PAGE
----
Vacuum Facts: When is the last time you changed your vacuum pump oil? If you had to scratch your head it has been way too long! The oil in your pump absorbs the moisture and non-condensable that you removed from the system. Only clean dry oil will allow your vacuum pump to achieve a deep vacuum while extending the life of the pump. The pump oil should be changed after every use while the oil is still hot. A micron gauge must be used to check pump efficiency regularly. A high-quality pump will incorporate a gas ballast that will help prevent moisture from condensing in the pump oil. Moisture in the pump oil will prevent proper evacuation. Make sure the pump you choose has a gas ballast, as most cheaper pumps don’t.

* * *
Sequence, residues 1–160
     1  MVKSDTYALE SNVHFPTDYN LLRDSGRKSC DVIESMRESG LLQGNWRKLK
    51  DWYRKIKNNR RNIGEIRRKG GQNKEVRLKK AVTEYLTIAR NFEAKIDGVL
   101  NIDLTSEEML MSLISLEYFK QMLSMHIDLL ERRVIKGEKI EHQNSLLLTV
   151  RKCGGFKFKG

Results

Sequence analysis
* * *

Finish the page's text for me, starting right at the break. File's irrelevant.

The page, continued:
Bigger is not always better! The pump capacity has little to do with how fast a system can be evacuated. To select the proper pump, square the CFM rating. For a 3 CFM pump, 3X3 = 9, so it is good for up to 9 tons. A 5 CFM pump is good for 25 tons and a 7CFM 49 tons. To reduce evacuation time remove the Schrader cores with a vacuum Schrader core remover. Use a service manifold that has a 3/8 evacuation hose and evacuate from both low and high side.
Whether you run the pump for an hour or a day you can’t be assured of a dry system. Pulling and holding a 400-500 micron vacuum using a high-quality micron gauge like JB’s New DV-41 is the only way to be sure you have a clean, dry and leak free system. 30”hg is equal to 738,000 microns or 1” hg is equal to 24,600 microns so just how accurate is your manifolds compound gauge for measuring vacuum? POE oil is not very forgiving; do you really want to take a chance?